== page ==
Mastercard and SumUp today announced a new partnership that will increase the number of electronic payment acceptance locations across 27 European countries.
Over the next five years, Mastercard and SumUp will bring card acceptance to several million micro, small and medium-sized companies (MSMEs) across Europe.
The partnership will enable micro, small and medium-sized companies (MSMEs) to accept electronic payment via SumUp card readers by card and digital enabled devices, such as smartphones, smartwatches or wristbands. In a world in which consumers expect choice and convenience, it will enable small companies to better serve their customers by giving them the opportunity to pay with their preferred payment method.
Micro, small and medium-sized companies form the backbone of the European economy and this initiative will help them to better serve their customers
Jason Lane, Executive Vice President, Market Development, Europe says: “We’re very excited to be able to partner with SumUp, an innovative and leading player in the provision of payment devices for the small business sector. The scale and breadth of this partnership will significantly advance electronic payments acceptance in Europe. Micro, small and medium-sized companies form the backbone of the European economy and this initiative will help them to better serve their customers by offering them real payment choice. I look forward to expanding this partnership in the future.”
Across much of Europe, cash still accounts for a significant proportion of payments, particularly when it comes to low value payments made to small businesses. However, cash continues to be an inefficient and insecure means of payment. The hidden costs of cash for small business can be substantial. Whether it is transportation costs, security issues, laborious counting, reconciliation or fraud and counterfeit notes, the acceptance of cash comes with many disadvantages.
Across much of Europe, cash still accounts for a significant proportion of payments, particularly when it comes to low value payments made to small businesses
Mastercard and SumUp are committed to helping small businesses overcome these challenges and making payments safer, easier and more convenient by delivering simple and effective payment solutions. With SumUp’s innovative approach to mPOS and Mastercard’s focus on creating an environment in which such solutions can flourish the two companies are perfectly poised to achieve this.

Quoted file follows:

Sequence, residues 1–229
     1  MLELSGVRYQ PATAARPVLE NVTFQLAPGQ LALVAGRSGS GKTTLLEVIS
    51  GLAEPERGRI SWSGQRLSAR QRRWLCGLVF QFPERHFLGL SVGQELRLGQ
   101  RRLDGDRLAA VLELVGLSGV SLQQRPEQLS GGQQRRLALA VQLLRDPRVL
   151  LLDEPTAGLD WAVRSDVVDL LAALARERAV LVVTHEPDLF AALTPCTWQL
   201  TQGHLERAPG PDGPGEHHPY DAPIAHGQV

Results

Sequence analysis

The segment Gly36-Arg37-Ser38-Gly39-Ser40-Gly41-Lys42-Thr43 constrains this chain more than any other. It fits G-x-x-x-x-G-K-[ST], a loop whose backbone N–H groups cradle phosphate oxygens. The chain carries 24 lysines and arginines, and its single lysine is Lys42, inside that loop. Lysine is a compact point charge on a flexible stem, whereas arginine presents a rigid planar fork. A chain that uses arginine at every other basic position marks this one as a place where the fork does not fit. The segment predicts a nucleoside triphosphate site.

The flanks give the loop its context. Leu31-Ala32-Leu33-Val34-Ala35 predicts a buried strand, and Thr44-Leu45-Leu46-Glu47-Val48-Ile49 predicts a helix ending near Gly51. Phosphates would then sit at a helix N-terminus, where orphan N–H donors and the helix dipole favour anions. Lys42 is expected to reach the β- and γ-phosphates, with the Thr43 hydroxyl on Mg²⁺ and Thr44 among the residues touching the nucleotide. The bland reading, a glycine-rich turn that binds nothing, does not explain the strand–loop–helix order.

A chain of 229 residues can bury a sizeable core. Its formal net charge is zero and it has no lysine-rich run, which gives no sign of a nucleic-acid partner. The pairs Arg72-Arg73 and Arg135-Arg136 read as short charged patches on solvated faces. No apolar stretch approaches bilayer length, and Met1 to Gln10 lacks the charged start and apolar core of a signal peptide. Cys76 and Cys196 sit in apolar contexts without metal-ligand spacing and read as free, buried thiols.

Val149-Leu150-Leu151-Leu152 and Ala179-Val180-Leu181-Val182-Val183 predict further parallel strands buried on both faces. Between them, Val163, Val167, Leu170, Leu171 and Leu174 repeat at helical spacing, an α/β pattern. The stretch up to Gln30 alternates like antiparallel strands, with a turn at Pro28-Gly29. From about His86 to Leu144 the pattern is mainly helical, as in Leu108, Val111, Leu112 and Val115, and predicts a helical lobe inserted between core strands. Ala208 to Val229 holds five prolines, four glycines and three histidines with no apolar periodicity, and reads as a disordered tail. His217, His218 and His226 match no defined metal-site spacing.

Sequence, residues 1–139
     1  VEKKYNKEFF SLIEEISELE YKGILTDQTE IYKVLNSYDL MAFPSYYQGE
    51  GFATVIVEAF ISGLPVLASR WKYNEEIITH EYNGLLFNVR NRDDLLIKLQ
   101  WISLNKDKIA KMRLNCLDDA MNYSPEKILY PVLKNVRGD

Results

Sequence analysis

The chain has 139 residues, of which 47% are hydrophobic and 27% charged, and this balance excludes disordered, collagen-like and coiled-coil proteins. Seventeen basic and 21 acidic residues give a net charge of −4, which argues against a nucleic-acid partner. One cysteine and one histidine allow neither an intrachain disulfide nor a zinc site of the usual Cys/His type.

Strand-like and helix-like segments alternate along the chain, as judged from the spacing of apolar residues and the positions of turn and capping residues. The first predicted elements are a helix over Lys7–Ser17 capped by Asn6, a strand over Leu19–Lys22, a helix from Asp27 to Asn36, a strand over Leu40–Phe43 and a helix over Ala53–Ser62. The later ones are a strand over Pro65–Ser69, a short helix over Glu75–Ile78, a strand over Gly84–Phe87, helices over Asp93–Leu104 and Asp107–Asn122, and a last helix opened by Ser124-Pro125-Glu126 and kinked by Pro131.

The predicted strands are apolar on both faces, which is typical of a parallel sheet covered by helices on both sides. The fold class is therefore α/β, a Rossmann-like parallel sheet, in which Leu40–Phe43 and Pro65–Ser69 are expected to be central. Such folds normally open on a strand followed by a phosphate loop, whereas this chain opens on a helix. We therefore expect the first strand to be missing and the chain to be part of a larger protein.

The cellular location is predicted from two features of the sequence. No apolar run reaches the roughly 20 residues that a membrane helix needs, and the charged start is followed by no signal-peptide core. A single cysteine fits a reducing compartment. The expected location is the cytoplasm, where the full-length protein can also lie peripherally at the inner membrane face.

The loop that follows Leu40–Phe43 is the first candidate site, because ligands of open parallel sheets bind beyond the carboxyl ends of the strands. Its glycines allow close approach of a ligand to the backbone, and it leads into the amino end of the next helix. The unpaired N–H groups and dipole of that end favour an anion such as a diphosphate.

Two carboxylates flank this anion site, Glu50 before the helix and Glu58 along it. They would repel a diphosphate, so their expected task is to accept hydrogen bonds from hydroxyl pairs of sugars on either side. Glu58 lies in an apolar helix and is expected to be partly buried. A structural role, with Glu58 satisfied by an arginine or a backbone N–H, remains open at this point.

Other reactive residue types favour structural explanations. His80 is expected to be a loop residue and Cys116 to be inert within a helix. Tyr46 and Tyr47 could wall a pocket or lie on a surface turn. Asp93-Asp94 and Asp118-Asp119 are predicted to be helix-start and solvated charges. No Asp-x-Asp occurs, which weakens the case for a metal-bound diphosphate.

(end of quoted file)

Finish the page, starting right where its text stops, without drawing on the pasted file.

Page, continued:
Accepting electronic payments can also bring additional benefits. For example, offering electronic payments has been demonstrated to increase sales, bringing real benefit to a business’s bottom line. SumUp’s data shows that small businesses can grow up to 60% by starting to accept card payments.
Mastercard’s research shows that on average, new acceptors of card payments usually see a 10-15% increase in their average transaction size, linked to value and volume as consumers are not limited to the amount of cash in their pocket. This is a particular issue for small shop owners in more remote rural areas where access to cash and ATMs can be scarce. Not only that, but electronic payments provide a boost to cashflow, enabling the timely crediting of funds with the benefit of a payment guarantee and eliminating the need to chase unpaid invoices and debt.
offering electronic payments has been demonstrated to increase sales, bringing real benefit to a business’s bottom line.
Marcel Schneider, CCO & EVP Europe at SumUp comments: “There is a card acceptance gap that exists due to smaller businesses historically not being well-served by traditional payment providers. 10% of any population should be able to accept card payments but only around 1% does. It’s this gap that SumUp and Mastercard are looking to fill through the partnership. “
With a payment terminal from SumUp, small business owners can focus on their business aspirations, confident that they have a payment solution that will support their business growth.
This partnership is another example of Mastercard’s and Sum Up’s commitment to growing financial inclusion bringing millions of micro-entrepreneurs into the formal economy for the first time.